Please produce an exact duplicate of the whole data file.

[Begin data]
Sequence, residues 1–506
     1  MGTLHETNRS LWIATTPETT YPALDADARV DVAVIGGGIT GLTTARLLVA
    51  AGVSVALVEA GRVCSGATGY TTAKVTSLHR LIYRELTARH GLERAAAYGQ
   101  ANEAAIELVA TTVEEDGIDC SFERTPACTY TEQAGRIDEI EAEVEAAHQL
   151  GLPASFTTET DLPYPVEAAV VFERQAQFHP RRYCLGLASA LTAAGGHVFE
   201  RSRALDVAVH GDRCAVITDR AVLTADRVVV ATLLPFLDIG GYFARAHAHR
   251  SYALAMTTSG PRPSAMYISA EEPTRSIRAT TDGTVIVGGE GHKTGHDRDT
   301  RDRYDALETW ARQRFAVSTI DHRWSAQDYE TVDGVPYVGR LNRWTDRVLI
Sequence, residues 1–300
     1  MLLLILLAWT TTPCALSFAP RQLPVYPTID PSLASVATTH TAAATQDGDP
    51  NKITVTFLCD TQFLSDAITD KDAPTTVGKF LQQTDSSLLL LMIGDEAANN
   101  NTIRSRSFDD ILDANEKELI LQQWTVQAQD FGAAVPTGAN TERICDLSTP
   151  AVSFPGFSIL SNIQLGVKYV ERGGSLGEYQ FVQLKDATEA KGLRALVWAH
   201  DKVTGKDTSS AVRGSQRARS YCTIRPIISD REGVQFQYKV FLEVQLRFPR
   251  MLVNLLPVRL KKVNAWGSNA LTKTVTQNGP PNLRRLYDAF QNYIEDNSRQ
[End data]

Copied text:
Sequence, residues 1–506
     1  MGTLHETNRS LWIATTPETT YPALDADARV DVAVIGGGIT GLTTARLLVA
    51  AGVSVALVEA GRVCSGATGY TTAKVTSLHR LIYRELTARH GLERAAAYGQ
   101  ANEAAIELVA TTVEEDGIDC SFERTPACTY TEQAGRIDEI EAEVEAAHQL
   151  GLPASFTTET DLPYPVEAAV VFERQAQFHP RRYCLGLASA LTAAGGHVFE
   201  RSRALDVAVH GDRCAVITDR AVLTADRVVV ATLLPFLDIG GYFARAHAHR
   251  SYALAMTTSG PRPSAMYISA EEPTRSIRAT TDGTVIVGGE GHKTGHDRDT
   301  RDRYDALETW ARQRFAVSTI DHRWSAQDYE TVDGVPYVGR LNRWTDRVLI
Sequence, residues 1–300
     1  MLLLILLAWT TTPCALSFAP RQLPVYPTID PSLASVATTH TAAATQDGDP
    51  NKITVTFLCD TQFLSDAITD KDAPTTVGKF LQQTDSSLLL LMIGDEAANN
   101  NTIRSRSFDD ILDANEKELI LQQWTVQAQD FGAAVPTGAN TERICDLSTP
   151  AVSFPGFSIL SNIQLGVKYV ERGGSLGEYQ FVQLKDATEA KGLRALVWAH
   201  DKVTGKDTSS AVRGSQRARS YCTIRPIISD REGVQFQYKV FLEVQLRFPR
   251  MLVNLLPVRL KKVNAWGSNA LTKTVTQNGP PNLRRLYDAF QNYIEDNSRQ